Ancient Battle History: Warriors and Weapons.
Ancient battle has made an enormous impact on the world today, in fact entire nations today would have been a lot different if it wasn’t for some Ancient battles. But it is impossible for these to have all happened by chance, it was guided by the sovereignty of God. God cared about every single soldier that ever stepped foot in a battle, He knew each moment from when the warrior placed on his helmet and took up his weapons and armor, to when he was charging on the battlefield. The Lord Jesus Christ was watching this the whole time, and He has put this all together for his amazing plan. Now we are going to take a look in detail at the warriors themselves and the weapons they wielded.
The Ancient Greeks.
In Ancient Greece all the places were separated into their own city state, or polis. So each one had its own rules, government and laws. Though there were hundreds of these, some of the most famous ones were Athens, Sparta, and Corinth. Athens was mainly a democracy, and very politically based. Sparta was very warlike and fierce. And Corinth was mainly neutral and would sometimes ally with either one.
Athens and Sparta would constantly fight with each other. Mainly because the two places were polar opposites. Though sometimes they would join forces and help each other, most of the time they disagreed with one another.
Athens main strength was in its Navy, whereas with the Spartans it was their disciplined Army. Most, if not all, city states had their very own army. In Athens their warriors would mainly join around the age of seventeen and serve for a couple of years, (later on, the Romans also did this.) In Sparta, every soldier would go through brutal military training, started at the age of seven or eight.
The warriors were called Hoplites, which comes from the Greek word Hoplon. Hoplites were heavily armed Infantry fighters, and were some of the best warriors in the Ancient world. They were held in the same respect that a Knight of the middle ages might be held. Similarly, sometimes kings would hire mercenary Hoplites to fight for them. Like king Darius did, for example, when he faced Alexander the Great.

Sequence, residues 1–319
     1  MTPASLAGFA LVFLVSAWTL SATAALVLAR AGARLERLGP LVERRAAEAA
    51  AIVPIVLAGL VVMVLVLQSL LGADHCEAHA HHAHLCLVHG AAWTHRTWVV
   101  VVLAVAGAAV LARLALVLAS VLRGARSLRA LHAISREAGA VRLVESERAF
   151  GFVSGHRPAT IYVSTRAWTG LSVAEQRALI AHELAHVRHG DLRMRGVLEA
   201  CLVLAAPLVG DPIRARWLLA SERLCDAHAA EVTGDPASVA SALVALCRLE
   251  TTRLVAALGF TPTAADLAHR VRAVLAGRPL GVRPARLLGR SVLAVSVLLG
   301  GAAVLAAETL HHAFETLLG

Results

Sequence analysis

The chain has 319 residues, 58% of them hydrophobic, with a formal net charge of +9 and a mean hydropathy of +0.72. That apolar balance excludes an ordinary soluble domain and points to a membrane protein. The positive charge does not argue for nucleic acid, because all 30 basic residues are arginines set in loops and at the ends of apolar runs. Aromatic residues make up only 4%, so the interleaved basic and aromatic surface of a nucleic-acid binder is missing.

The Hoplites had good and effective arms and weapons. They wore a bronze helmet that protected their entire head, with just a few small openings for their eyes and mouth. One of the most famous types of these helmets was the Corinthian helmet. Made from a single piece of bronze hammered into a unique shape, it was sometimes dome shaped at the top, which would glance blows as well as block them straight on, sometimes the helmet was plumed on the top with feathers or horsehair.
The Hoplites also wore a bronze cuirass, which protected all of their upper body, and their legs were protected by knee-high bronze greaves.
As for their arms and weapons, they carried an 8 to 10 foot long spear called a Dory. On one end of the spear, there was a sharp, broad, iron point, this was the main fighting end that they would thrust with. At the other, there was a smaller, pointy, bronze spike, with this they could thrust the spear into the ground, or use it as a secondary weapon if the primary end was lost, or if the shaft broke.
The Hoplites sidearm was a short sword called a Xiphos. The single-handed grip was usually made of bronze, but the blade could be made of iron, or roughly forged steel. The Xiphos had a broad, rather heavy, leaf-shaped blade that could be used for both thrusting and hacking. While in most places the Xiphos was around 2 feet, the Spartans preferred theirs shorter, about 20 inches. Certainly the reason it was shortened was so it would fit their fighting formation and style. The word Xiphos in Greek means something like “penetrating light.”
In the Hoplites other hand, he held a huge, heavy shield made of wood and leather, and often coated in a thin sheet of bronze. It was up to 3 and half, to 4 feet in diameter, and up to 24 pounds in weight. Being the Hoplites main defensive weapon, it could block pretty much any weapon of its day. But the shield could also be used as a very effective offensive weapon, being wide and heavy enough. The shield was called an Aspis by the Greeks, but it is also referred to as the Hoplon shield.
The Hoplites fought in a densely packed formation called a Phalanx. Each Hoplite would stand shoulder to shoulder, and shield to shield, with their spears in their other hand, each protecting the other. The entire front of the Phalanx was like a bronze wall, bristled with spears. Often the Phalanx might be about 8 men deep and 8 men wide (64 men overall,) though it would always vary. The Phalanx was ideal for both offense and defense, some of the best examples of this was when the massive Persian army invaded Greece in 480 BC.
The Spartan Xiphos sword. Image from imperialweapons.